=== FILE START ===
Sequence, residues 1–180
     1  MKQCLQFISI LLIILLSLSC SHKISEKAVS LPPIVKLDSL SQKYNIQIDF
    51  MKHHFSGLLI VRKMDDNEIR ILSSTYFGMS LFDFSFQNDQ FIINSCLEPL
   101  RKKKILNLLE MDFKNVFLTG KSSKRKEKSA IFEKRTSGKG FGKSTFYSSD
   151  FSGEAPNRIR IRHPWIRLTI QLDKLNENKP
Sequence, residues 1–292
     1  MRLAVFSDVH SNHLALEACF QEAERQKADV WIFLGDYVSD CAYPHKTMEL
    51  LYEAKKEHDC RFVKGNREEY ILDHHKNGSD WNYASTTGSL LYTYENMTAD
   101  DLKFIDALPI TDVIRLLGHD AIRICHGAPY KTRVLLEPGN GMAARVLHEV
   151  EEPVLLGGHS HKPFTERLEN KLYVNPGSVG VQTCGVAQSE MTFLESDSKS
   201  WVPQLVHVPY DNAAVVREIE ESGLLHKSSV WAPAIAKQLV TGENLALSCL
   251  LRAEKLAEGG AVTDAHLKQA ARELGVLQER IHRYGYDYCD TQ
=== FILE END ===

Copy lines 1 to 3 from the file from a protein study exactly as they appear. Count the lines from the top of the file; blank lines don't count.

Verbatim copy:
Sequence, residues 1–180
     1  MKQCLQFISI LLIILLSLSC SHKISEKAVS LPPIVKLDSL SQKYNIQIDF
    51  MKHHFSGLLI VRKMDDNEIR ILSSTYFGMS LFDFSFQNDQ FIINSCLEPL